Jakarta is the capital and largest city of Indonesia. Established in the fourth century, the city became an important trading port for the Kingdom of Sunda. It was de facto capital of the Dutch East Indies (known as Batavia at that time). Today, the city has continued as the capital of Indonesia since the country’s independence was declared in 1945. Jakarta is listed as a global city in the 2008 Globalization and World Cities Study Group and Network (GaWC) research. Based on survey by Brooking Institute, in 2011 economic growth in Jakarta ranked 17th among the world’s 200 largest cities. Jakarta has grown more rapidly than Kuala Lumpur, Beijing and Bangkok. We look forward to meeting and showing you REAL HOLIDAY in JAKARTA!
Lombok is an island in West Nusa Tenggara province, Indonesia. It forms part of the chain of the Lesser Sunda Islands, with the Lombok Strait separating it from Bali to the west and the Alas Strait between it and Sumbawa to the east. It is roughly circular, with a "tail" (Sekotong Peninsula) to the southwest, about 70 km across and a total area of about 4,514 km² (1,825 sq mi). The provincial capital and largest city on the island is Mataram. It is somewhat similar in size and density with neighboring Bali and shares some cultural heritage, but is administratively part of Nusa Tenggara Barat along with sparsely populated Sumbawa. It is surrounded by a number of smaller islands locally called Gili. The island was home to some 3.17 million Indonesians as recorded in the decennial 2010 census; the latest estimate (for January 2014) gives the population as 3,311,044.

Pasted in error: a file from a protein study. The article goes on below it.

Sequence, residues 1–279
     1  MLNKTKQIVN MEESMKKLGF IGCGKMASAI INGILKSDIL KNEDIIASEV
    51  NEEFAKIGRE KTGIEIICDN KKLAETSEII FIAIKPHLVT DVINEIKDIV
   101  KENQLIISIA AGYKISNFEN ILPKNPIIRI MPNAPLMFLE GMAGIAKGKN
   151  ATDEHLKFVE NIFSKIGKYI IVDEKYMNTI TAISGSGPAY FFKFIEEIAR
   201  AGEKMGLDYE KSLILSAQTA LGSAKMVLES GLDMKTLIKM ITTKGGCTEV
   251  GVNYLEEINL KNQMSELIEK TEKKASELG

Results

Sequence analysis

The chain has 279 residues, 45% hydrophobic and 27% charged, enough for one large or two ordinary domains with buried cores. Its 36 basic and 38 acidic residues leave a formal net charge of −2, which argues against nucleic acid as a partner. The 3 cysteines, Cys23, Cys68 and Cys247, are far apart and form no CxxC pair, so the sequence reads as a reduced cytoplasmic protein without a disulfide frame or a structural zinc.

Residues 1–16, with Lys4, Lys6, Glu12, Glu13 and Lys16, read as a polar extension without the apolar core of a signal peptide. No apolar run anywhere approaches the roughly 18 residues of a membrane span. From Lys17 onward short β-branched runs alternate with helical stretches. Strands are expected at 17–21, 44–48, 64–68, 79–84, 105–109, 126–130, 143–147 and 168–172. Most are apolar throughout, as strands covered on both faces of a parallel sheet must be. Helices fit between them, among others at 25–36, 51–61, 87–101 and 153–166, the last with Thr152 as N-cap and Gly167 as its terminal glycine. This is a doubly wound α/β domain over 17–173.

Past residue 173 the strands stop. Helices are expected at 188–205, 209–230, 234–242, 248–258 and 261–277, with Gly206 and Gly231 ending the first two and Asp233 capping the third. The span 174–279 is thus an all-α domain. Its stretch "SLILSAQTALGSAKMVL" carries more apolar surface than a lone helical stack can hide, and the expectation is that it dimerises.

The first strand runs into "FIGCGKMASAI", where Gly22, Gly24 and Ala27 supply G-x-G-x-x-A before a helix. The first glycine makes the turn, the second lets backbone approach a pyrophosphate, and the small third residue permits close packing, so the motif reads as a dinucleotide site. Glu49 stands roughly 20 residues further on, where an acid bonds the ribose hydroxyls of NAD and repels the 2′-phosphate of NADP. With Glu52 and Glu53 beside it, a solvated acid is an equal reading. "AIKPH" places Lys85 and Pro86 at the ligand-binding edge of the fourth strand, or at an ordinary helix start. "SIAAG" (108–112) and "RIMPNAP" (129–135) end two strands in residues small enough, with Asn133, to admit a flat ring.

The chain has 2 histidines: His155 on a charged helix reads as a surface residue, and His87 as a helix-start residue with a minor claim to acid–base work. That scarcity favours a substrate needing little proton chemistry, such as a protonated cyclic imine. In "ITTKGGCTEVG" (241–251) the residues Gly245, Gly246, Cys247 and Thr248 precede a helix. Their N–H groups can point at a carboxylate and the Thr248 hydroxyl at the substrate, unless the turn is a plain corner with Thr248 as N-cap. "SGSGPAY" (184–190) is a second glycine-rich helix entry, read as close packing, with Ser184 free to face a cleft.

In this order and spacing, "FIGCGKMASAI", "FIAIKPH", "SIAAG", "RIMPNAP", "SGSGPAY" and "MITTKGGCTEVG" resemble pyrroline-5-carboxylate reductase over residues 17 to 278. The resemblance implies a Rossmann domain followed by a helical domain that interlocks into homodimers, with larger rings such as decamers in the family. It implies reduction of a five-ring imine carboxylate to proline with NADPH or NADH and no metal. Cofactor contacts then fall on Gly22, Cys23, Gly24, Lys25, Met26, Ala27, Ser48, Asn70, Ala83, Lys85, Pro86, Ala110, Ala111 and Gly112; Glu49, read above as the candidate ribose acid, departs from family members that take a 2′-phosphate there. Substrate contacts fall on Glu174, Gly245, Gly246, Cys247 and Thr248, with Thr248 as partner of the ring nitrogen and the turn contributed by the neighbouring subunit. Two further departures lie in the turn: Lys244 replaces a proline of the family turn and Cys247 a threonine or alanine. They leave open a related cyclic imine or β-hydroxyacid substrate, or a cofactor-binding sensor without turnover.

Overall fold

Surabaya is the second largest city in Indonesia. At the 2010 census, the city had a population over 2.8 million and its built-up (or metro) area, 7,302,283 inhabitants made of 2 cities and 50 districts spreads on Gresik, Sidoarjo, Mojokerto and Pasuruan regencies. The city was officially founded in 1293 when Raden Widjaja established Majapahit Kingdom, Indonesia's most glorious empire. History told that the city was founded on the site of a "legendary" battle between a sura (shark) and a baya (crocodile) thus the name 'Surabaya'. The people of Surabaya had gone through numerous fights against British and Dutch. The last battle they had fought before achieving their independence was the Battle of Surabaya. The Indonesian peasant army had fought in a state of frenzy so as to make certain Indonesia would become a free and independent Republic, and vowed to forever fight and sacrifice until freedom became a reality. Those who fought and died for Indonesia in that bloody battle are commemorated by the Tugu Pahlawan (Heroes' Monument). Since November 1945, Surabaya has always been known as Kota Pahlawan (City of Heroes).